FIRST Minister Alex Salmond has hailed the success of bringing businesses, hospitals and universities together on the BioQuarter site in Edinburgh after three more tenants yesterday signed up to take space on the fast-growing science park.
Regenerative medicine outfit R Biomedical and two support firms – patent attorney practice Marks & Clerk and science communication company Science Squared – have each rented space at Nine, the “bio-incubator” centre on the site built by Scottish Enterprise.
Swedish healthcare firm Molnlycke has also doubled the amount of office space it has rented in Nine having only opened its base at the BioQuarter six months ago.
Later in the day, a fourth firm – legal giant Maclay Murray & Spens – revealed it is also opening an office at the BioQuarter.
Salmond told The Scotsman: “In just one day, we’ve gone from seven to ten firms on this site. This demonstrates the benefits of bringing together Edinburgh Royal Infirmary, Edinburgh University’s medical school and these companies on the same site.”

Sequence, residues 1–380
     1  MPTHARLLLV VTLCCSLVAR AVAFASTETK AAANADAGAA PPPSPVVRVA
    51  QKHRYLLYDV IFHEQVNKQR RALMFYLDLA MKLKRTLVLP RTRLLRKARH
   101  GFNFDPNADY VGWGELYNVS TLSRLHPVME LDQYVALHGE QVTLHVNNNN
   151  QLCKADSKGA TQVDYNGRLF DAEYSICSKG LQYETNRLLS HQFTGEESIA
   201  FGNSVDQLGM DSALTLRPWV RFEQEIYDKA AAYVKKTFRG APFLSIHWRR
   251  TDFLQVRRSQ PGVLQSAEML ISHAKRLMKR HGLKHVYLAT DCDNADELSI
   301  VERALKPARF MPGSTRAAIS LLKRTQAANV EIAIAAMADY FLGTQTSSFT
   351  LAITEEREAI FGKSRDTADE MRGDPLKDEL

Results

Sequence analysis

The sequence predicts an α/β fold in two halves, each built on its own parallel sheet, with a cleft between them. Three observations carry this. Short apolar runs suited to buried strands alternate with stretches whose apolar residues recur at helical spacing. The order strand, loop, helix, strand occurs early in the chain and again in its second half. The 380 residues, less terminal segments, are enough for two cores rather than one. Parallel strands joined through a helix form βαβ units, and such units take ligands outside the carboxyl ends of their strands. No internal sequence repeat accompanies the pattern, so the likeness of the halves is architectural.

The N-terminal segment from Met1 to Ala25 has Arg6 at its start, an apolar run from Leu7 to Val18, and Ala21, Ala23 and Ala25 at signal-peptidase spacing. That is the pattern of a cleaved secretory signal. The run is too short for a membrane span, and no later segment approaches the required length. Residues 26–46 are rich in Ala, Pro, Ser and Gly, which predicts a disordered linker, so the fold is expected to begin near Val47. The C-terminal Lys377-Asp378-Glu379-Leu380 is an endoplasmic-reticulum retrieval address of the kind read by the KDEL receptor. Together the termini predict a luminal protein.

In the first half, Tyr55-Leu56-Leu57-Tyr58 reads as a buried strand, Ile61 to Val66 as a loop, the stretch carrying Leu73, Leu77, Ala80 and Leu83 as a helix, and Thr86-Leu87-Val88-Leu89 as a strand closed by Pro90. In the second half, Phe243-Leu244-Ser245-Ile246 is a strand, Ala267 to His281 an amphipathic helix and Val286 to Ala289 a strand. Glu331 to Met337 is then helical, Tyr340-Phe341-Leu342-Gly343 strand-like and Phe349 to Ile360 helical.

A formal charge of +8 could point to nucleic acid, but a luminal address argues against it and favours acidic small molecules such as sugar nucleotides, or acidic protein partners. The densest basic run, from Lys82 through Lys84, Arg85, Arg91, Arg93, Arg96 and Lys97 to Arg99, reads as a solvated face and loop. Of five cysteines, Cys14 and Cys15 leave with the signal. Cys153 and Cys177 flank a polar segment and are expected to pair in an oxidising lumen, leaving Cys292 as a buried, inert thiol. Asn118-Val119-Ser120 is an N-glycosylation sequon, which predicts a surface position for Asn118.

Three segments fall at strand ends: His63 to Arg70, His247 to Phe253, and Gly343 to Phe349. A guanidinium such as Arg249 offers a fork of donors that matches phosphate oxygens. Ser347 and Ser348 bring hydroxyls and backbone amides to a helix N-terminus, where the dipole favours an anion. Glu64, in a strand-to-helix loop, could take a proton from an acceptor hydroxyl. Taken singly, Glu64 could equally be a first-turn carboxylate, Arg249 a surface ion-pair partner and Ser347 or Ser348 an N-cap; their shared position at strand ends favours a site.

During a tour of Nine, Salmond tested out an eye scanner made by I2eye Diagnostics, which will allow doctors to test the vision of young children and adults with learning difficulties. Scotland on Sunday revealed last month I2eye had won approval to sell its device in Europe and the United States.
Salmond was also shown an MRSA hospital super-bug testing kit being developed by Molnlycke, using technology licensed from Scottish Enterprise.
More than 600 companies are active within Scotland’s £3 billion life sciences sector, together employing 32,000 people. But many commentators have questioned why there are so many small firms and not more large businesses, employing hundreds of staff each.
Lena Wilson, chief executive of Scottish Enterprise, said: “Within ten years, I believe that we will be seeing more of those big employers in Scotland. But they won’t just be focused on the domestic market, they will be international in outlook.
“It’s not an either-or situation. If we grow from having 600 companies to 900 companies then some of those will be larger businesses.”
Rhona Allison, senior director of life and chemical sciences at Scottish Enterprises, added that it was important to attract support firms such as Marks & Clerk and Science Squared into developments such as BioQuarter.
“We need to create a support system for life science companies so that they want to set up in Scotland,” Allison said.
“So part of the work being done is to help professionals like patent attorneys set up on site so they can offer quick advice to businesses.”
News of the latest tenants at the BioQuarter came ahead of tomorrow’s Scottish Enterprise life sciences dinner.